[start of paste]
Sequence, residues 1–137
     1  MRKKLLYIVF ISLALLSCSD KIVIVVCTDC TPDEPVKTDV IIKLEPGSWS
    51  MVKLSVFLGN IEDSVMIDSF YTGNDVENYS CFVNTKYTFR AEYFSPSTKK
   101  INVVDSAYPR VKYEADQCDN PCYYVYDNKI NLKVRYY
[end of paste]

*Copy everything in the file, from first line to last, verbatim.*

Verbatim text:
Sequence, residues 1–137
     1  MRKKLLYIVF ISLALLSCSD KIVIVVCTDC TPDEPVKTDV IIKLEPGSWS
    51  MVKLSVFLGN IEDSVMIDSF YTGNDVENYS CFVNTKYTFR AEYFSPSTKK
   101  INVVDSAYPR VKYEADQCDN PCYYVYDNKI NLKVRYY